Rethinking Cairo's Informal Settlement in the Light of Hardships

Rethinking Cairo's Informal Settlement in the Light of Hardships

Ahmed Hassan Abayazeed (The National Organization for Urban Harmony, Egypt)
DOI: 10.4018/978-1-5225-9238-9.ch015


This chapter aims at understanding and interpreting the informal urban growth in Cairo as a physical objection act against the failing radical ways in managing the city. Accordingly, this chapter tries to analyze both informal physical actions and the formal policies and approaches adopted, and reach reasons for the successes and failures. The chapter first investigates briefly the evolution of Cairo's informal settlements and the hardship conditions behind. Then it examines these settlements through analyzing their two main types. Afterward, it discusses the reasons behind the success of these informal actions. Then it reviews policies and approaches. Consequently, it tries to discover the reasons behind the failure of formal policies and approaches. Thereafter, it discusses briefly using geospatial digital research methods in Cairo's informal settlements. Finally, the chapter ends with a concluded discussion tries to figure out how to reach the right path in dealing with Cairo's informal settlements.
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One of the most significant challenges during the last decades is the rapid urbanization which caused the emergence of new kind of informal settlements scattering in and around the growing cities in the developing world (UN-Habitat, 2003). This makes informality the often-primary mode of the production of 21st-century metropolitan space in the Global South cities (Roy, 2009). Cairo, as most of the Global South cities, suffers from the same phenomenon. Around 40% of the population in Cairo lives in informal settlements as estimated by the Ministry of Housing (Tadamun, 2014). This chapter argues that this phenomenon could be understood and interpreted as a physical objection act against the failing radical ways of managing the city and the futile urban context which made Cairo at the end, according to Sims (2010), a city out of control.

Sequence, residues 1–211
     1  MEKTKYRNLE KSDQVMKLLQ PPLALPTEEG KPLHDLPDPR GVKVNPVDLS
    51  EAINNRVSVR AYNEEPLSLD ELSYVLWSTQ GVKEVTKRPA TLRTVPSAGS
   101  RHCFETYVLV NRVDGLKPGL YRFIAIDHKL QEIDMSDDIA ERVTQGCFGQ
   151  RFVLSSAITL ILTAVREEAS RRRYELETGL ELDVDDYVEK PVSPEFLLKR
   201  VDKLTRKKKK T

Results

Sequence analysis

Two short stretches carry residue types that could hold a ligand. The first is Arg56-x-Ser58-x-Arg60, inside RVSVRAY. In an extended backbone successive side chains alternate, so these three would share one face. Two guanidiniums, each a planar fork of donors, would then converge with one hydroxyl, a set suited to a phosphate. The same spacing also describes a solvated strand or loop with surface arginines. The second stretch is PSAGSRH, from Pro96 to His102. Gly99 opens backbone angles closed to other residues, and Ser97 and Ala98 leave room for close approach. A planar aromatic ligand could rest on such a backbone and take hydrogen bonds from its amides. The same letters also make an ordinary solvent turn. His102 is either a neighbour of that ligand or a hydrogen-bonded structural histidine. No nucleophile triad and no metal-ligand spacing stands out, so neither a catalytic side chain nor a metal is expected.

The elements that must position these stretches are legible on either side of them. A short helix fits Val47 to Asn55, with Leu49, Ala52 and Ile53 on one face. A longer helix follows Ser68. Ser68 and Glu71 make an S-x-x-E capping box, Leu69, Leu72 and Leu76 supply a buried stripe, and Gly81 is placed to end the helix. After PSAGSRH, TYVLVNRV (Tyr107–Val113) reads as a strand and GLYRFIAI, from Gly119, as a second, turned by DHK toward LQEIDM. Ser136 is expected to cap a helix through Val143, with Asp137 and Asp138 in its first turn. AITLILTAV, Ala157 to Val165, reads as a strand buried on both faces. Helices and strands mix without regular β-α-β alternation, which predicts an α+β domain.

Ross (2011) argues that government policies are no longer reliable for solving society’s most deep-rooted and hard problems. Instead of that, necessary actions should be taken by people themselves through a wholly new method of doing things. Informal urban growth performed by poor people is a real representation of such actions. Since the start of the literature on informal settlements around the 1960s, these settlements are seen as an unhealthy phenomenon which should be eradicated. Torres (2007) as cited in Hernández (2013) argues that the government should provide housing and facilities for all citizens not to leave them in the people’s hands. By the time, new literature emerges as informality become more accepted as another way of doing things. This new literature argues that informality can be an opportunity, and it is not necessarily a problem as it can be considered as an alternative way of producing space (Roy, 2009). AlSayyad (1993) sees informal settlements as a creative and innovative way of taking the advantages of available resources and opportunities to enhance the daily life of the poor. This leads him to perceive informality as ‘a way of life.’ Some of the literature within this point of view sees that informal settlements are similar to old traditional cities which used to grow by people’s hands without any intervention of architects (Egyptian Urban Action, 2012).

Accordingly, this chapter aims to reread the informal growth phenomenon in Cairo as a physical action responding to the inability of the policies and approaches adopted by the successive governments to provide shelters for the urban poor. This different point of view would lead to developing new policies, strategies, and plans when dealing with such settlements. Also, this kind of physical actions represented in the informal urban expansion could be seen as a practical response to a multi-layered complex failing context. This context should be discussed through understanding the reasons and conditions behind the emergence of Cairo’s informal settlements.

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